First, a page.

Reading Time: 4 minutesOn being vegetarian and Hindu in 1970s Australia, and how the Garba was launched
“You know, when I came to Australia in 1970, I thought I had come to heaven,” Harshad Desai says. “And 45 years later, I still believe I am in heaven!”
Now you might say it is interesting to hear a devout Hindu talking about heaven (and hell), but Desai, a well-known Gujarati community stalwart in Sydney, recounts a number of times in the new book he recently launched, that the Australia that he came to in the 1970s was welcoming of people from all faiths.
Desai, who along with Sonal (Shah) Moore and Samin and Ashok Nathwani has produced a book entitled Early Gujarati Migration to Australia, spoke to Indian Link about his early experiences.
“I came here just as the White Australia policy was being phased out and so the local Australian community was keen to meet people from other parts of the world,” he recalls.
“They were as keen to know more about our cultures as we were about theirs.
In fact, some of my happiest memories of my early days are of the interactions my family and I had with my boss, Mr Clarke.
He would take us out for drives on the weekends and then invite us home for lunches and dinners.
We’re vegetarians and his wife struggled to cook for us til I convinced her that we were happy with cheese and salads and it was actually their hospitality and company which we enjoyed.”
These early stories provide a fascinating insight into what life was like in the 1970s and ‘80s Australia.
While it is now generally taken for granted that there is easy availability of spices and dals, in those times there were just a couple of shops in Sydney which used to stock these essentials. Forget the paneer, even yoghurt, or curd as Indians know it, was unheard of.
There were just two Indian restaurants in Sydney, and Bollywood movies, which now can be seen on the same day of release as in India, took months to reach Australia.
Of course, they came in large spools. Kati Patang was the first Hindi film to be shown in Australia.
“Yet, we accepted these realities as part of our lives. What we missed was more than made up in the camaraderie and friendships which we formed in the earlier days.”
“We worked hard to keep our traditions alive. In 1972, garba was celebrated the first time in Australia at the home of Dr Gunu Nakar and the 14-16 people there had a great time.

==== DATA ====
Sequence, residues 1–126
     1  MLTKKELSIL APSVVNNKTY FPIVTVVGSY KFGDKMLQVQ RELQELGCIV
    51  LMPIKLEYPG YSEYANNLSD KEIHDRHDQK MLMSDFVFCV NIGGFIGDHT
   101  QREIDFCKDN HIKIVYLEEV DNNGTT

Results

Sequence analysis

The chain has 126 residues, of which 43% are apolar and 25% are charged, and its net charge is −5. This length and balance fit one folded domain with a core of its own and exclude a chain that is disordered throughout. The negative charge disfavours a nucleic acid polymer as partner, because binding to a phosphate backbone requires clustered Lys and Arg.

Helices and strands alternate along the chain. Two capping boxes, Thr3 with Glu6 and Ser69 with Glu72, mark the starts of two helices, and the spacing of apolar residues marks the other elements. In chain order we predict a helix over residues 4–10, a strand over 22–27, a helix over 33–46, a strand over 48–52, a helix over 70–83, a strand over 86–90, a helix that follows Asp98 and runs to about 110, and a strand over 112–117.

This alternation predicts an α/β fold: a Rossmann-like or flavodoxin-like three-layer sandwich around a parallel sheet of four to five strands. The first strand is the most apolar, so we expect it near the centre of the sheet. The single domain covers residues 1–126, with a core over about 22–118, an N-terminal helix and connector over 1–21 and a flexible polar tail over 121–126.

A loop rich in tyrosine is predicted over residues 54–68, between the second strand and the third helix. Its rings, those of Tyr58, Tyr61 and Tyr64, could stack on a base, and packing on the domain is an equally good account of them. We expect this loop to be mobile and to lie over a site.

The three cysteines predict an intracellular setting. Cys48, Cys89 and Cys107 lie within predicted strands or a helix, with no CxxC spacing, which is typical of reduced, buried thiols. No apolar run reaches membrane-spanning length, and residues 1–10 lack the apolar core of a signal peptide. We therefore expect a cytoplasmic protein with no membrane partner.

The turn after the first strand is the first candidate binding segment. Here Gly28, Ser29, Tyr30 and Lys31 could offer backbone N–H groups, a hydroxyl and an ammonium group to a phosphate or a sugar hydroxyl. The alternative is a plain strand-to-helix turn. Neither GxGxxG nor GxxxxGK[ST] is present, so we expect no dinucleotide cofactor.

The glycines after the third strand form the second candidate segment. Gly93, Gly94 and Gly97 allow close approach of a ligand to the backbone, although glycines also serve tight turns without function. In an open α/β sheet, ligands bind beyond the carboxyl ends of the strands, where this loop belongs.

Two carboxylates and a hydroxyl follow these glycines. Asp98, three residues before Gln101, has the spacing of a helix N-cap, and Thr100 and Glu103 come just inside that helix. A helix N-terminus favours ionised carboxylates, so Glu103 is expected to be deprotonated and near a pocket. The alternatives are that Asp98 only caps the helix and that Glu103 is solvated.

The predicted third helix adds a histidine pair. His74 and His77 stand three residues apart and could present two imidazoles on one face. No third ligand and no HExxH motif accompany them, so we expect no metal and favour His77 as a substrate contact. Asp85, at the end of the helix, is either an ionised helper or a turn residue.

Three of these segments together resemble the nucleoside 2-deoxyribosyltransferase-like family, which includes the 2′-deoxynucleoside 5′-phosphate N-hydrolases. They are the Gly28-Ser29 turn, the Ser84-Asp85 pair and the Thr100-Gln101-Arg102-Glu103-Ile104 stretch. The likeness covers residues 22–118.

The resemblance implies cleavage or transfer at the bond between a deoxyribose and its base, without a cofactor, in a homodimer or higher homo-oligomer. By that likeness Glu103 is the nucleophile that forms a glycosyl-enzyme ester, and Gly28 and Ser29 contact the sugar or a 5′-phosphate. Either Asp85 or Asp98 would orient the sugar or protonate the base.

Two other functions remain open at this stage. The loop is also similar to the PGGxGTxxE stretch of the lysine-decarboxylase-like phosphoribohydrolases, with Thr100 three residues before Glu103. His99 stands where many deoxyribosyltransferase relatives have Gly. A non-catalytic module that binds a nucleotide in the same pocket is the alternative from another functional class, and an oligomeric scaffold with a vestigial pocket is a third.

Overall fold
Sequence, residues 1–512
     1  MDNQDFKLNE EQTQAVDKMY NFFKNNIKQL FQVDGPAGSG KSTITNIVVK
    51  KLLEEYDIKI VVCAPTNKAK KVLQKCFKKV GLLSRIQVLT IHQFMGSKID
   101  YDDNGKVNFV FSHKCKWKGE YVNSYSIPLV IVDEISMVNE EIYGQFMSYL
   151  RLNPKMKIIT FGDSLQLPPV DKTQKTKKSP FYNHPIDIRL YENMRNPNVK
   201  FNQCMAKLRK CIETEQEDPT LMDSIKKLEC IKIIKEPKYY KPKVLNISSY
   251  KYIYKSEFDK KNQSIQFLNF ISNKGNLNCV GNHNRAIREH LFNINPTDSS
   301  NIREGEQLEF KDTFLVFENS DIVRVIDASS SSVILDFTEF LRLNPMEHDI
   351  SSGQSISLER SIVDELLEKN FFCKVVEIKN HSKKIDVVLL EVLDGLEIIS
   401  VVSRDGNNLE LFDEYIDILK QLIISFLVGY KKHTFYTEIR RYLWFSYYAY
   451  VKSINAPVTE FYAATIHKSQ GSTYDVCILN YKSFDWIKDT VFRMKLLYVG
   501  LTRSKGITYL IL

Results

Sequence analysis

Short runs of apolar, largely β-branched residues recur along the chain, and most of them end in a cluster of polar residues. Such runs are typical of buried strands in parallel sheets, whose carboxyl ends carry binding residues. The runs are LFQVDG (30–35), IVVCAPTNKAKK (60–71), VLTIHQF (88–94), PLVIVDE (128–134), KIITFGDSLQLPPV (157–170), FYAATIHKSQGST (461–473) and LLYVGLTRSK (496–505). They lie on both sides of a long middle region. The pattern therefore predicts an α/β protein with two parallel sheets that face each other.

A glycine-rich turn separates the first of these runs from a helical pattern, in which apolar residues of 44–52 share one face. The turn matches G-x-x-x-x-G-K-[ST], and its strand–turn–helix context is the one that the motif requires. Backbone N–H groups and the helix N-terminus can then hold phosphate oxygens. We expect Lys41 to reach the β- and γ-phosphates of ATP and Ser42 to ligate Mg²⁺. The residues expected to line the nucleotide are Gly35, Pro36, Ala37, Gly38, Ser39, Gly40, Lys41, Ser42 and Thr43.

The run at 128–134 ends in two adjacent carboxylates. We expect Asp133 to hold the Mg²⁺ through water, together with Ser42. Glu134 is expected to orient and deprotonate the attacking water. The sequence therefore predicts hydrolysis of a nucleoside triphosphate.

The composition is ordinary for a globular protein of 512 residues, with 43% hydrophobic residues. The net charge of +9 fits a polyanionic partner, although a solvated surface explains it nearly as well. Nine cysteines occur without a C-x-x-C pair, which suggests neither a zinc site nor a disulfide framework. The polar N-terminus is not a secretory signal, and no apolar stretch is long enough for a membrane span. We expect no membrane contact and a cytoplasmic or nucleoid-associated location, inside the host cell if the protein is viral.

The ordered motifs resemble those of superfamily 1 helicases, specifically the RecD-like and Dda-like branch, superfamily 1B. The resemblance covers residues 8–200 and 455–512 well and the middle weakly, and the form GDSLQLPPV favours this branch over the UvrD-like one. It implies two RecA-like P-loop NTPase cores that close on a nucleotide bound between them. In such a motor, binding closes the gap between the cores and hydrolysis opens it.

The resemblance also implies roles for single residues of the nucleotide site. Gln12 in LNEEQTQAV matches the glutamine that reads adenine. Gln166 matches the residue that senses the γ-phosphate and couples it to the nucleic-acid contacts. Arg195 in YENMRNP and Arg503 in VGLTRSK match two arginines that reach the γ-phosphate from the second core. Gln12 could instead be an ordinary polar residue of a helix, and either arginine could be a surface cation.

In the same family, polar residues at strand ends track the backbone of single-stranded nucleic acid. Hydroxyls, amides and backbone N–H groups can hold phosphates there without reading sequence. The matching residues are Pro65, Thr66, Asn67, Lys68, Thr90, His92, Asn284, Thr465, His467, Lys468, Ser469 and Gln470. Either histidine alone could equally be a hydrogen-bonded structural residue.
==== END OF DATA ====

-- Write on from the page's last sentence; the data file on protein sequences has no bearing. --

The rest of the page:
In 1973, we celebrated garba at my own home in Punchbowl and Gujarati families travelled from all over NSW to Sydney. That’s how the tradition of Navratri celebrations was born.
It is pleasing to see how the garba, which was first enjoyed in someone’s backyard, now has thousands of people enjoying in giant sports halls,” Desai writes in the book.
The garba, a form of folk dancing performed during the Navratri festival, is an essential element of Gujarati culture.
Keeping their religious beliefs strong was important to the Gujurati settlers and the Sri Mandir Society was started in 1976. It took a few years for the society to be formalised.
Three devotees, Dr Anand, Dr Prabhu and Dr Shankar, acting as Trustees, purchased the property at 286 Cumberland Road, Auburn from the Salvation Army for $34,000. And so the first ever Hindu temple in Australia was established.
Sonal Shah, one of the contributors to the book (who claims to be the first Gujarati born in Australia) recounts tales of how the early families from Sydney and Newcastle would meet at half way points for regular picnics.
“Mums would have the traditional puri bhaji and yes, dads would have the cricket gear and many a happy weekend was spent eating Gujju delicacies and playing cricket,” she reminisces.
“We all worked hard to support each other and helped each other as family. If a Gujju was arriving in Australia, there would be someone to receive them at the airport, put them up for a few days and then help them settle into jobs or at schools. This cycle kept on repeating and this spirit of caring and sharing helped all.”
With such foundations, no wonder the Gujjus are one of the most closely knit Australian Indian communities.
While impossible to recount all, not only Harshad and Indira Desai and those mentioned above, the Indian Australian community owes a lot to Rushi and Vasant Sheth, Navin and Shashi Kandhar, Pratap and Renuka Amin, Jayant and Jayashree Dave, Babu and Dinaben Goradia, RK and Raj Ram, Gunu and Usha Nakar and all those pioneers who have led the way.
Their early paths have made life easier for newer settlers such as us.
Early Gujarati Migration to Australia is an easy read, bringing a warm and fuzzy feeling to the extended families of those whose experiences are recounted here.
To others, it is an important resource in understanding the manner in which our community has evolved.
Free copies of the book are available from Harshad Desai.